Terriers that Sailed the World
Small Terrier with rat c 1845
Terriers were named and documented in Britain in the early history of terriers as far back as the 1570. All British ratting Terriers breeds can trace their origin back to the now extinct Old English White Terrier and the Old English Black and Tan Terriers of England. Today, they have become pure breeds quite independently from one another in various the countries with which English people historically occupied or traded.
Small Terriers on Sailing ships
Early Australian Settlement c 1800
Early sailing ships carried terriers on board that would kill small vermin. These ships often spent months at sea. Before refrigeration was invented, the sailors' food consisted of salted meats and grains made into a type of biscuit. In the days before insecticides, rats that carried disease for both dog and man was a huge health threat to both country and city communities. Hygiene relied on small ratting terriers killing any rats and mice. Because long or rough coats attracted dirt, smooth coated Terriers were preferred. These Terriers had to be small, quick, and agile, so they could kill the rats and mice before they themselves got bitten. Once the ships docked many of these little Terriers endeared themselves to the new settlers.
Terriers arrive In Australia
'Mini Foxie' with Australian explorers WA 1906
The first British arrived in Australia in 1788 with the 'First Fleet', consisting of 11 ships landed in Botany Bay. The Fleet's List of Livestock and Provisions lists 'puppies'. Because the everything on this list had a purpose, presumably the 'puppies' referred to were small ratting terriers.
After the 'First Fleet', other ships continued to arrive. When the ships docked, many terriers were left behind surviving by killing not only rats and mice that had escaped from the ships, but also some of our small indigenous animals.
The "Mini Foxie"
Victoria's First Dog Show 1864
Time would see small ratting terriers develop within Australia both as vermin killers and popular companions. Because the First Fleet left from Portsmouth in the South of England, these small smooth coated ratting terriers became affectionately known as "Mini Foxies". Many early lithographs, drawings and photographs depict a small predominately either white or black and tan smooth coated terrier.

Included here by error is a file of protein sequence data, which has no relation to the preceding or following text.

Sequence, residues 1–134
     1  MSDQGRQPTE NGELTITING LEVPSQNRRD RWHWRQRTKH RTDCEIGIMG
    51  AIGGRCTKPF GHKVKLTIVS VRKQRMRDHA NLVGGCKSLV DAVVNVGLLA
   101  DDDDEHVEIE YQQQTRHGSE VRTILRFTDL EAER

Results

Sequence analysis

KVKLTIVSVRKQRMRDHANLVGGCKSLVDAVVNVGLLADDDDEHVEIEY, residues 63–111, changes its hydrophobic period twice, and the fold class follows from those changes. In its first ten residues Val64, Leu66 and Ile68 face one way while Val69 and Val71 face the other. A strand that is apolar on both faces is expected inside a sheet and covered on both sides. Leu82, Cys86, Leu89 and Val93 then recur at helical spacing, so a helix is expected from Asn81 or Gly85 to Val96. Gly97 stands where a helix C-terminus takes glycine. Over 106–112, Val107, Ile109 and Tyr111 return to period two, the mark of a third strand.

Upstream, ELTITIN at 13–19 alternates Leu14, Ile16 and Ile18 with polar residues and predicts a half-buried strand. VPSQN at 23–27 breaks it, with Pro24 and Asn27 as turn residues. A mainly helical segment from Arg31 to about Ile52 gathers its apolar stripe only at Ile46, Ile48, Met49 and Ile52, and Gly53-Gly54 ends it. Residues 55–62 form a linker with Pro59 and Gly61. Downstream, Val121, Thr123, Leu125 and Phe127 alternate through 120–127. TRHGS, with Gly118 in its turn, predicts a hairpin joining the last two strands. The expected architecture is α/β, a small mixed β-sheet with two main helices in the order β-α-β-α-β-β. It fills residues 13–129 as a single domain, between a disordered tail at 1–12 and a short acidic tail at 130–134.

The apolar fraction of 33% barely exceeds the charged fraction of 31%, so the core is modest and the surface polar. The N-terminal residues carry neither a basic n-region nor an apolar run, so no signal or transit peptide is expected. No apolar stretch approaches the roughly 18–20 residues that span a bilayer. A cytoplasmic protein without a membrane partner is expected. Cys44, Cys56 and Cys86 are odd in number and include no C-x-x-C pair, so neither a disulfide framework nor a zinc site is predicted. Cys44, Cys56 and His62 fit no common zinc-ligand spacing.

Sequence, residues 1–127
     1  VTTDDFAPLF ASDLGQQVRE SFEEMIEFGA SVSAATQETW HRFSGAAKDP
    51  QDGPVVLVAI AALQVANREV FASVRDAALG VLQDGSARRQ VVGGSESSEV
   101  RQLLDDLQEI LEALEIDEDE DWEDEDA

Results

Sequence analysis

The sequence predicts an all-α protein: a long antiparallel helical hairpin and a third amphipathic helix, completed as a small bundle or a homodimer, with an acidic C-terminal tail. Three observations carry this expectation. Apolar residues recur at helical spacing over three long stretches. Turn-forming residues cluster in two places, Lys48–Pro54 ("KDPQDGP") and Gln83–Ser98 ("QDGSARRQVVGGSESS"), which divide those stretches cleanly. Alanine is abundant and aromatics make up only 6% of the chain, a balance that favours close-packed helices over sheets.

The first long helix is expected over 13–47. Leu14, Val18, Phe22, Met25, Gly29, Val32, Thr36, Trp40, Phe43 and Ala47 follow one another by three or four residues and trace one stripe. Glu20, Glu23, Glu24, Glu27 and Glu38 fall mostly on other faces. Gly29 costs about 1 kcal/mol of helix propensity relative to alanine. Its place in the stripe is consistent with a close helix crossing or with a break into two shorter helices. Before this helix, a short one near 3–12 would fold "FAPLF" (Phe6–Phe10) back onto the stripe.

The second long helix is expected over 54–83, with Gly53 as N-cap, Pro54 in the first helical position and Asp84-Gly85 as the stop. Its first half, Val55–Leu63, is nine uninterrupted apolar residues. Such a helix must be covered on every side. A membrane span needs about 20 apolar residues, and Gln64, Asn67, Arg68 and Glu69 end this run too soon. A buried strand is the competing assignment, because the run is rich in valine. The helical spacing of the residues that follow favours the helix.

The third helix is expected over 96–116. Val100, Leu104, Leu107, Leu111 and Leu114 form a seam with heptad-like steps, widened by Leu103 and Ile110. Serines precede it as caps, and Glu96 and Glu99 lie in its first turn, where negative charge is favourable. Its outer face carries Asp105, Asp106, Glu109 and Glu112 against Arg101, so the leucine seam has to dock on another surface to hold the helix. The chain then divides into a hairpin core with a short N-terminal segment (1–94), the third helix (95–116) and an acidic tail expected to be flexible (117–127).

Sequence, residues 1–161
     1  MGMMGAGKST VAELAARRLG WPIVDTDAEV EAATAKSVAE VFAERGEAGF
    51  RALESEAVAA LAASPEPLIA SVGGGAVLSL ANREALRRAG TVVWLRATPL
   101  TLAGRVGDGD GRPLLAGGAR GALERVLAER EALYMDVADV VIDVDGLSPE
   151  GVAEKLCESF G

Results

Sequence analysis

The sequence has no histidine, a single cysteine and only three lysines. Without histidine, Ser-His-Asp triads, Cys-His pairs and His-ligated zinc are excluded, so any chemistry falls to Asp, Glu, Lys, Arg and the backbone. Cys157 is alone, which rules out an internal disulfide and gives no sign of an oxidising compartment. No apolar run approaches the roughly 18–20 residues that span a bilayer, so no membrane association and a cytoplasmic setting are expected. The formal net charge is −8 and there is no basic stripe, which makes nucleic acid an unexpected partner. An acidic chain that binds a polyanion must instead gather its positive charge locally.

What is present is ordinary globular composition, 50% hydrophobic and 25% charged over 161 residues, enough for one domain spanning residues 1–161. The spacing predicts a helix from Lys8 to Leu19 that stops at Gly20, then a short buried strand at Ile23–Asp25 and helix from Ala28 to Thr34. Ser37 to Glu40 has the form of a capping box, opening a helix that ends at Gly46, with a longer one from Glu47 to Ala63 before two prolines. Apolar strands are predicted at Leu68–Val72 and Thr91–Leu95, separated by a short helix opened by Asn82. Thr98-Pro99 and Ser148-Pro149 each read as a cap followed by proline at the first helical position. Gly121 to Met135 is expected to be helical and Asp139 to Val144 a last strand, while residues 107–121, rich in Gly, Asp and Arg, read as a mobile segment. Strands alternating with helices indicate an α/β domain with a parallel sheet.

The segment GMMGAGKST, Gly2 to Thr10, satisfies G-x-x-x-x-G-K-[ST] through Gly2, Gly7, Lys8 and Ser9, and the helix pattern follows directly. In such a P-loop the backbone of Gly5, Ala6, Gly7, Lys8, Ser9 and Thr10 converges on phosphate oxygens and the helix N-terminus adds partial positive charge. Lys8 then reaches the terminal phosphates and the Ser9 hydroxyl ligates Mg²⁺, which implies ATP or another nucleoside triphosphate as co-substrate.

By the 1860's, enough different breeds had been introduced into Australia for dog shows to commence. At that time, each different Australian State had their own separate governments. The dog 'fancy' followed suite. So, without any formal breed identifications, in 1862, Tasmania held the first Australian dog Show with Victoria following in 1864.
'Mini Foxies' in the early 1900's
A 'Rabbiter's Pack' c 1900
Originally arriving in Botany Bay with our early settlers, by the early 1900's the 'Mini Foxie' had become entrenched in Australian society. As the colony grew, dogs that lived in these early settlements were used for more specialised jobs. The 'Rabbiter's Pack' from Sydney pictured was typical. Here you have a mixed pack consisting of 'Kangaroo Dogs' which were large Greyhounds that were used for hunting. We also have 'Mini Foxies' which assisted in eliminating any vermin that might be infesting the farm, as well as becoming household pets.
'Ricketts Blue' Advertisement c 1950
By the 1950's 'Mini Foxies' had endeared themselves into Australians everyday life, including mine! By this time, they had become quite iconic and featuring in several advertisements like the accompanying one. But without any formal breed recognition, cross breeding with other small breeds that were introduced here, had become a threat.
References and Further Reading
 2009 - Jane Harvey, "History of the Tenterfield Terrier" in National Dog, the Ringleader Way (Published by Sahjobe Pty Ltd, Menangle Park NSW ABN 86 075 412 761) Vol 12 No 11 November 2009 Page 12
 1999 - Jane Harvey, "The Latest Australian" Ringleader - the Dog Paper (Sahjobe Pty Ltd, Lower Portland NSW) Vol 2 No 7 July 1999 Pages 34-36